I am emerging; from COVID-19 as part of our life with the lock downs in Victoria appear to be easing. In the past twelve months I have relocated away from my shop front studio if fifteen years in Merlynston Melbourne to Portarlington a Port Phillip Bay village whilst in is mix undergone a major operation. All these changes has had a huge pact on my art practice.
The time moving away from my studio has given me a great deal of time to reflect and ponder the best way for me as an artist to move forward. Concurrently with my pontificating global and regional human rights issues have emerged “black lives matter” and “enough” showing the fragilities of our liberal democracies while playing out on in media.
My change and the worlds change, all moshing around in my head, brings me to developing four conceptual art bodies of work around common everyday Australian terms; “to hot to handle”, ‘’a rod for my own back”, “drunkard” and “stain”. I expect they will take about awhile to fully mature and present in the material form. As an artist is is called the development and designing phase. Where research such as looking at: the personal is political, the personal is private and slang usage in the everyday. What would be the best vehicles for this creative participatory exploration?
Poetics of Shape by Sheena Mathieson is an online exhibition of fifty-two mono prints, fifty by seventy centimeters. The works are joyous, light, playful, colourful and expertly executed.
Poetics of Shape plays with Poetics of Space by French philosopher Gaston Bachelard’s. Poetics of Space explores our relationship to the physical building of home. A famous extract of Bachelard’s “… better to live in a state of impermanence than in one of finality…” Artist Sheena Mathieson has keenly felt the restrictions and impact of COVID 19 living and working in inner Melbourne, teetering on the edge of the CBD. Melbourne has experienced one of the longest COVID19 lockdowns in the world to date.
Mathieson’s fifty-two mono prints stand on their own in uniqueness. Mono printing in the west dates to the sixteenth century re-emerging with Edgar Degas placing them into the modern art movement. Mono prints are not print runs of multiples rather one offs. Contemporary mono prints have a story of simple shapes often with the use of one or two colours.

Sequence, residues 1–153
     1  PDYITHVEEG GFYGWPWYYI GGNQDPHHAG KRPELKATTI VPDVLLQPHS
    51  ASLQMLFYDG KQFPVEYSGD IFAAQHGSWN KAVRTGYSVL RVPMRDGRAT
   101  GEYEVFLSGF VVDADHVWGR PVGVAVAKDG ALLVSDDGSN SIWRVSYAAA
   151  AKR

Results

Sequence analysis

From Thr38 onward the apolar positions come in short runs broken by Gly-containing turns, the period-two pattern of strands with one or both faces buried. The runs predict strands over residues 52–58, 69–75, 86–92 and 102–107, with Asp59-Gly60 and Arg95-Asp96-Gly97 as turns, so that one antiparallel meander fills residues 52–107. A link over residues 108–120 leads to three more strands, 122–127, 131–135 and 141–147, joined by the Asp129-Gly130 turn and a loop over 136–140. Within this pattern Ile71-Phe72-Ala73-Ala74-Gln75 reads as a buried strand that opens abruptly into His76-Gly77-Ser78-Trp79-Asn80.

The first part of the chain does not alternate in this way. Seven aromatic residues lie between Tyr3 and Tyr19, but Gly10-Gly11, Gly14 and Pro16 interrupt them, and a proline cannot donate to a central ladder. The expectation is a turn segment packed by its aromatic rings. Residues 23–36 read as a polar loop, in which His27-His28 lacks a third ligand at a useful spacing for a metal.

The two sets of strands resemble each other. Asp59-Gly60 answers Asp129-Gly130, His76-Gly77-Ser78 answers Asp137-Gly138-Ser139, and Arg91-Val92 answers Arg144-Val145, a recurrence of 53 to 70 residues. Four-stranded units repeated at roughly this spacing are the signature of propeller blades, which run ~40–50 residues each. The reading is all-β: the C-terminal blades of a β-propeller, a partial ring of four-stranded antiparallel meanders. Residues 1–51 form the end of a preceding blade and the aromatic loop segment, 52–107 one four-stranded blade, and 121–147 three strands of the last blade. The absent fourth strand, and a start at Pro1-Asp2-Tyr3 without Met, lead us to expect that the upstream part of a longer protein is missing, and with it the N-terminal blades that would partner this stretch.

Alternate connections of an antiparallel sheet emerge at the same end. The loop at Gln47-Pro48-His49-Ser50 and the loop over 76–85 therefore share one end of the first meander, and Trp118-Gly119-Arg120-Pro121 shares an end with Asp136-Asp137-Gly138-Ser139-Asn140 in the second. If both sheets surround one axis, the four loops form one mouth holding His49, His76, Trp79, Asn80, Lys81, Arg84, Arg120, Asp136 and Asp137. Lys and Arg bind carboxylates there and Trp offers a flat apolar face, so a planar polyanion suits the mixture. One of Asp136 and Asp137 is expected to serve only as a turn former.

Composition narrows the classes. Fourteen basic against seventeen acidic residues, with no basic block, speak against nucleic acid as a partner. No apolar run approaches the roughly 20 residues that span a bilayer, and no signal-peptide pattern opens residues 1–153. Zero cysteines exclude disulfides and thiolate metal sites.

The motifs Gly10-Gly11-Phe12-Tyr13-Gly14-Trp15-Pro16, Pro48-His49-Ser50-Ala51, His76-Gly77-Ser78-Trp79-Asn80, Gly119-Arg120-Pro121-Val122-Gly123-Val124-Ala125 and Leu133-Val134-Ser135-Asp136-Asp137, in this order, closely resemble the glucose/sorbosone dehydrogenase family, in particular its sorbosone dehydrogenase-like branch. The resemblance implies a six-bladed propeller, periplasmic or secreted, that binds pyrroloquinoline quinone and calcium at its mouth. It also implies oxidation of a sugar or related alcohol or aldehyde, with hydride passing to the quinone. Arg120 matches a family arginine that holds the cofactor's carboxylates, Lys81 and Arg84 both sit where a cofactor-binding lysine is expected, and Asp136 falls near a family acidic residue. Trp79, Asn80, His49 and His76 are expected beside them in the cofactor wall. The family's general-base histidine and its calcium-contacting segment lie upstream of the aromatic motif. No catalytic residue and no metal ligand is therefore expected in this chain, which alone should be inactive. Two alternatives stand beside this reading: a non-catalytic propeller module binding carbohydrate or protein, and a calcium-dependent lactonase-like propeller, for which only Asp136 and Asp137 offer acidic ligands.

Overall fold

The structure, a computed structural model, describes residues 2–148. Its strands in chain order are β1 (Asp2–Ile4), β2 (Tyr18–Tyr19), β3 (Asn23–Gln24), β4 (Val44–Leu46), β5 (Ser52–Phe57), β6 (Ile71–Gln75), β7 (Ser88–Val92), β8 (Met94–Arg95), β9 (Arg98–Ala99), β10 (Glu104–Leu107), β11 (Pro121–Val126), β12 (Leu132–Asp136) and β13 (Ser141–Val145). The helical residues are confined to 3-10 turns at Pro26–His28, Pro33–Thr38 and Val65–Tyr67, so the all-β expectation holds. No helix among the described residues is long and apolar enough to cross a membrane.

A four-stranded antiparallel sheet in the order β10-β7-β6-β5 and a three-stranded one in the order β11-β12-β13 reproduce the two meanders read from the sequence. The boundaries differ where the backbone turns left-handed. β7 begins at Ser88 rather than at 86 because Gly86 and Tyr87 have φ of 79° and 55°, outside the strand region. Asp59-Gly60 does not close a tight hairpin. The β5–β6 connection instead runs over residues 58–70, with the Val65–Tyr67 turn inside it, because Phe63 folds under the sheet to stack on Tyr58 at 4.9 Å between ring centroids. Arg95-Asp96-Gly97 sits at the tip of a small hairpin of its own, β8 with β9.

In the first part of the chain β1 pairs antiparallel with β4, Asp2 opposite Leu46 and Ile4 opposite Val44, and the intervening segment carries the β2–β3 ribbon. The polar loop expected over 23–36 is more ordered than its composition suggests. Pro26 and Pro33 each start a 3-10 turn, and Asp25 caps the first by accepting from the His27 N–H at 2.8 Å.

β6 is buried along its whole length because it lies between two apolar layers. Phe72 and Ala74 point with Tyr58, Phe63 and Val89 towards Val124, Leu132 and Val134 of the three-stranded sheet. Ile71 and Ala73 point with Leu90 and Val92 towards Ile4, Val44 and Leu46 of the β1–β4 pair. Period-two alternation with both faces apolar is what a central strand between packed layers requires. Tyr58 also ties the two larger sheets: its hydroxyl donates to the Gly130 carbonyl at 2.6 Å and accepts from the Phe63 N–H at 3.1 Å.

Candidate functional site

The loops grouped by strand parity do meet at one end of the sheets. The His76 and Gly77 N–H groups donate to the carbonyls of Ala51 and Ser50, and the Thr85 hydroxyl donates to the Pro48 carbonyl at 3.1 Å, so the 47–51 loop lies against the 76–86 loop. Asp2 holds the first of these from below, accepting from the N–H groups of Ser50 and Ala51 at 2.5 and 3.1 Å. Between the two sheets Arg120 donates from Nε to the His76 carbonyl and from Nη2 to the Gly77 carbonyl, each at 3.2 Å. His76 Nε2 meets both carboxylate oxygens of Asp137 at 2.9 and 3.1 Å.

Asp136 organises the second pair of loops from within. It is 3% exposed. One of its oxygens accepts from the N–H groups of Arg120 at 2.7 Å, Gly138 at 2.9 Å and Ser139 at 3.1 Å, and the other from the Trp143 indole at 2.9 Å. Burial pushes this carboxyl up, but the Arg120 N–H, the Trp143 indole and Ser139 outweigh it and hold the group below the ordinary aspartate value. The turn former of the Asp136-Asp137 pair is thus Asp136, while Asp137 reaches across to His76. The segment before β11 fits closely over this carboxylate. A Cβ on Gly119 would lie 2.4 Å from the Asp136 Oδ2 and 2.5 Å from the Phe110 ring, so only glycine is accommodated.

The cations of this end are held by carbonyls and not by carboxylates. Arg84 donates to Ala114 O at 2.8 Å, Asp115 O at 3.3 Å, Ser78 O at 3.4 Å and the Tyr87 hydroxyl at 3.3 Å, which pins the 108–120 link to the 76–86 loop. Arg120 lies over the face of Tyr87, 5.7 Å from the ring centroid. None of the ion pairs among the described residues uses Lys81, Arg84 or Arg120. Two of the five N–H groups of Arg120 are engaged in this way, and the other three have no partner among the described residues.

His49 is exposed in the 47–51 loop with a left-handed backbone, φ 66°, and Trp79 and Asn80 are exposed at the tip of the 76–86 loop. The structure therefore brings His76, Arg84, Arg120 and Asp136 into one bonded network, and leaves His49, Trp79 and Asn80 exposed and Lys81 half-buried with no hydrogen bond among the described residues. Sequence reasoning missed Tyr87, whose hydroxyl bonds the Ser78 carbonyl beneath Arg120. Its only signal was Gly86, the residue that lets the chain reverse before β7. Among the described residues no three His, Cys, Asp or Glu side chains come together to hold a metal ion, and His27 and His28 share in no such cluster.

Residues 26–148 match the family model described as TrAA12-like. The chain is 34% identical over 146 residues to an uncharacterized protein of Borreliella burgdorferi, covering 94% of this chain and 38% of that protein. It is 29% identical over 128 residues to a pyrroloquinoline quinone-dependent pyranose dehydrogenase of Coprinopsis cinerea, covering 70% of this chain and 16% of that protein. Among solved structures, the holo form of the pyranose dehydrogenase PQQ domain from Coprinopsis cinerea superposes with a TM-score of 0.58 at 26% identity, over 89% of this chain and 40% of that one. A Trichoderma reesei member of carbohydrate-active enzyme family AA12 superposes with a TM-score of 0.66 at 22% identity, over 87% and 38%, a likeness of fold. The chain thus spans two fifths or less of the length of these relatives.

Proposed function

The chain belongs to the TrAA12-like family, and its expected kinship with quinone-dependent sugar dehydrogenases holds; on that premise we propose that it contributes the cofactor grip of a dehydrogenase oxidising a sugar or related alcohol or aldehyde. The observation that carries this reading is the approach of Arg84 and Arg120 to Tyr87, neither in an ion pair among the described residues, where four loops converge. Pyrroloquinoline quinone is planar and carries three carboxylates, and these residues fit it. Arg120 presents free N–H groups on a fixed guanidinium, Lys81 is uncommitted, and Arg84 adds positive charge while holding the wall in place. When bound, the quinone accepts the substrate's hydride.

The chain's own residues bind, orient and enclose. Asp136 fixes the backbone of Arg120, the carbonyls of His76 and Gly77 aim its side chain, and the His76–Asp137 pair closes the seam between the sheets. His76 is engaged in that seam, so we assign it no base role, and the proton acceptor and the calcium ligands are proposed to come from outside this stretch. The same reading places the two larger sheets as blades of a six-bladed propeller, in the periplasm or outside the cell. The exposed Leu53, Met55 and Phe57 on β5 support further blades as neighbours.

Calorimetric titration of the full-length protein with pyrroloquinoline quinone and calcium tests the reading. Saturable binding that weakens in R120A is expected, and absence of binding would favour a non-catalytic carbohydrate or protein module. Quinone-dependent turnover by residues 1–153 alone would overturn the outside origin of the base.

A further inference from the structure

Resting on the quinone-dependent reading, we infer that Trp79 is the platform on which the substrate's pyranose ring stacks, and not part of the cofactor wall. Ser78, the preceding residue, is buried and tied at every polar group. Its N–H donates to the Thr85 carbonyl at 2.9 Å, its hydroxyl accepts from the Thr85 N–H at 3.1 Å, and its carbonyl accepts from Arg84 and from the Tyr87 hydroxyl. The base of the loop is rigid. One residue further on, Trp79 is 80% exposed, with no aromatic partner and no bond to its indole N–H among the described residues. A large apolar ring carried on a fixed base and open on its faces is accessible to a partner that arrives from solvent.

Artwork No.50. appears simple, light, and joyful belies the precision. Her use of colour is lightly applied giving way to the transparency of other colour. Mathieson’s work has a 1970’s flavour in shape however without the use of heavy blocks of colour such as Berenice Sydney’s work nor does it reflect the 1990’s blurred line like Mark Francis when both decades saw a re invigoration in mono prints. There are a least ten markings (print pressings) using four different colours expertly executed. The works are simple yet controlled each mark is cross hatched, giving a light textural feel of cloth. The work encapsulates movement, references the figurative, the landscape and is abstract. Its like a cloud, we can imagine into it.
These intriguing works are familiar yet original, comforting yet stark, homely yet precise. Mathieson has had fun playing with the Gaston Bachelard’s philosophy shedding light within the home during this dark historical moment of COVID19.
I fell upon dyeing and staining when I rewashed my paint rags instead of throwing them out, the pigments stayed in.
You know when you spill something on your clothes, and it will be hard to get out – there we go perfect dye or tint. Try left over coffee and tea. Try soaking beetroot skins and turmeric. On natural dyes there are books if you find you wish to further pursue the craft however its good to just muck about with your left-over vegies and beverages first. Playing and making a mess is a good start.
Try boiling your vegetable or plant with water or vinegar or a combination of both. Try rusty nails soaked in vinegar. Or just leave soaking in the sun for a few days.
A person who made beautiful scarves used gum leaves and seaweeds and said ‘ just wet your cloths or papers and tie them up with the leaves until dry let the magic the magic just happens’
If you want them to dry flat I dry on on no porous board using a large paint brush to get the bubbles out. Or, use baking paper and pressing between books. I have used this for small squares for making covers for handmade books.
If you do not have the time and are rummaging around in the food cupboard you may come across food dye for cakes – they are a perfect starting point and have a beautiful hue.
To learn the art of dyeing process, an excellent book is The Handbook of Natural Plant Dyes by Sasha Duerr – published by Timber press 2010
These shadow puppets where made from hand dyed and glued papers and cut out from a template during a workshop at Brunswick Neighbourhood House in 2019 for the Sea is Sinking Installation. The handles are meat skewers glued with tag paper.
Home screens can be made from sheets hung in a light filled window or put the puppet in front of a lamp pointing to a wall or intense midday sun outside. Play and experiment.